The opportunity gaps that keep too many people from developing their full potential shouldn’t be an obstacle we leave to the next generation to solve.
“We must rise to the occasion and act in ways that support innovative, right-now solutions for today’s problems,” Wilson said. “I want you to be part of the community that rises to the occasion, and I want us to serve as a model community for people all across the nation, to understand that when we come together to have collective impact, we will be unstoppable.”
“Let’s raise the bar; let’s do more together; let’s give more and rise united – to assure every person, regardless of race, regardless of ZIP code, has the opportunity and access to achieve their full potential,” she said.
Working together to reach goals
The Rise United initiative is designed to help all Quad Citizens, regardless of race or ZIP code, have the opportunity and access to achieve their potential.
United Way Q-C president/CEO Rene Gellerman outlined the set of 10-year community goals known as Rise United to a socially distanced audience featuring members of the John Deere leadership team, educators, mayors and others representing the private and public sectors.
“These specific, measurable goals will guide our investments, programs and partnerships for the next 10 years in order for us to deliver on this vision,” she said.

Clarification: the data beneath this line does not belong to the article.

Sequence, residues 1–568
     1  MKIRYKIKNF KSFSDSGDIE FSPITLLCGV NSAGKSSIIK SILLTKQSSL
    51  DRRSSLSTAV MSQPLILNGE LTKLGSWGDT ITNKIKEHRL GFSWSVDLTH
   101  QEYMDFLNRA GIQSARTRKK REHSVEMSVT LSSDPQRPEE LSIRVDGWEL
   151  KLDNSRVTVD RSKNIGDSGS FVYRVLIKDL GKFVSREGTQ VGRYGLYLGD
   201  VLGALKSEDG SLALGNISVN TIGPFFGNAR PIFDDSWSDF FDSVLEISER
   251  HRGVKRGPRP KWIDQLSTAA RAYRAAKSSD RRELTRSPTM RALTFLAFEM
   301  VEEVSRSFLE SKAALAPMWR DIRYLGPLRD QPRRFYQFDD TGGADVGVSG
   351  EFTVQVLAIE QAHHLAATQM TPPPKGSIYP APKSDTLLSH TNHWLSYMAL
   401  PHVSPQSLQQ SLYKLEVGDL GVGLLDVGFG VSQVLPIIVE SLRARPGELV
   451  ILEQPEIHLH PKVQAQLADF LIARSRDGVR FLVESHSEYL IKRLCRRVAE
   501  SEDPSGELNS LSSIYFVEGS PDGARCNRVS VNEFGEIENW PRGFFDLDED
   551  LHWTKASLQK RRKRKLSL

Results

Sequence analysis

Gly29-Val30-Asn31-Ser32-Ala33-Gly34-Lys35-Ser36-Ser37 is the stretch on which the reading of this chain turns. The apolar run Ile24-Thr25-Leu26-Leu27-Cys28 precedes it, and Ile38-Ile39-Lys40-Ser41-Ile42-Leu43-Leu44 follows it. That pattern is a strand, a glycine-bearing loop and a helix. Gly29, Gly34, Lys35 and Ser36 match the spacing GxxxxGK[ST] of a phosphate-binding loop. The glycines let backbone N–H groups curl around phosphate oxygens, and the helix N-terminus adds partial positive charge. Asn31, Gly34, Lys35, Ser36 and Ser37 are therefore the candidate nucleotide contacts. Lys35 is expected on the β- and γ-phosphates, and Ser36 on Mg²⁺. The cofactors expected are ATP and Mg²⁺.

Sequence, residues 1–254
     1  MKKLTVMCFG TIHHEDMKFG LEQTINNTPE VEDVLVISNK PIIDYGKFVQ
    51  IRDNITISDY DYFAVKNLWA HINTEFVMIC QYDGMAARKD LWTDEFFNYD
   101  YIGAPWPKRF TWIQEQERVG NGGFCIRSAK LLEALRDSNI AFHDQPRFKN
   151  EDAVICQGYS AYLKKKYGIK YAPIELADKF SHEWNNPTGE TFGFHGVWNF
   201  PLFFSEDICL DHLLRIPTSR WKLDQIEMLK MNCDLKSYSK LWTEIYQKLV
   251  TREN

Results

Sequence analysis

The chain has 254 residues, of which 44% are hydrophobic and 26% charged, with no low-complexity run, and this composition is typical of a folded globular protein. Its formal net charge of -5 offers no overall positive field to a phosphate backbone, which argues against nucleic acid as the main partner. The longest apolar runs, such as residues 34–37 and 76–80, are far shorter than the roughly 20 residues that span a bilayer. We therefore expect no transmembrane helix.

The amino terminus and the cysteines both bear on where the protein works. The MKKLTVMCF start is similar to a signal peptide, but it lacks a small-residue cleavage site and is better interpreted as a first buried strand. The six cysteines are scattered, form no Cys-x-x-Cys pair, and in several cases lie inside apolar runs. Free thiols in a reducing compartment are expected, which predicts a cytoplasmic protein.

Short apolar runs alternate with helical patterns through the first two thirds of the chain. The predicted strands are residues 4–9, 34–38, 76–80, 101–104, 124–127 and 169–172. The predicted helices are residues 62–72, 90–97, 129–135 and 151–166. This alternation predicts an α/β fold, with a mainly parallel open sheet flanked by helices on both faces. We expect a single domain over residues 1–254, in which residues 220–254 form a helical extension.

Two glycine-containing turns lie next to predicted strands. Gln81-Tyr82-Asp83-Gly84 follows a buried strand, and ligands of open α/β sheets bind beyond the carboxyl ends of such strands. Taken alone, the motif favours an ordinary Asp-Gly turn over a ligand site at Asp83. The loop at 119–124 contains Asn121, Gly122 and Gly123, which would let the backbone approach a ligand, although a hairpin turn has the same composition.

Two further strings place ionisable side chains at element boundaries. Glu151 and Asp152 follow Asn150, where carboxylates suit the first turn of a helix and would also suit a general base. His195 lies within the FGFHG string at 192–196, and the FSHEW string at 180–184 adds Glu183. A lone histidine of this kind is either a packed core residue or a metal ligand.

Rise United is the product of a broad spectrum of community partners with the aim to advance racial equity in the areas of education, income and health. The plan calls for tackling root causes of systemic barriers to success, according to Mara Downing, incoming United Way Board Chair and Vice President of Global Brand and Communications at John Deere.
“We’ve all learned the value of human connection – perhaps even more so in the past year – the value of serving those in the world around us,” Downing said. “That’s why I support Rise United, because it carries with it a message of more than hope. It is a set of achievable goals to build a stronger, more equitable Quad-Cities.”
“When we Rise United, we give every student the education they deserve, help all students find a job that utilizes their talents and prove health is the greatest wealth of all.”
“It’s been really inspiring and a wonderful opportunity to see how United Way is really impacting those and helping those who are most vulnerable in this community,” Downing said Thursday.
They identify important issues we all must tackle; they mobilize resources to address issues, and they collaborate across the community, identifying the partners to get the job done, she noted.
“The work is not done,” Downing said. “When we think about the pandemic and the effects of the pandemic in the community and we think about the inequities that have existed for far too long, there’s still a lot of work to be done.”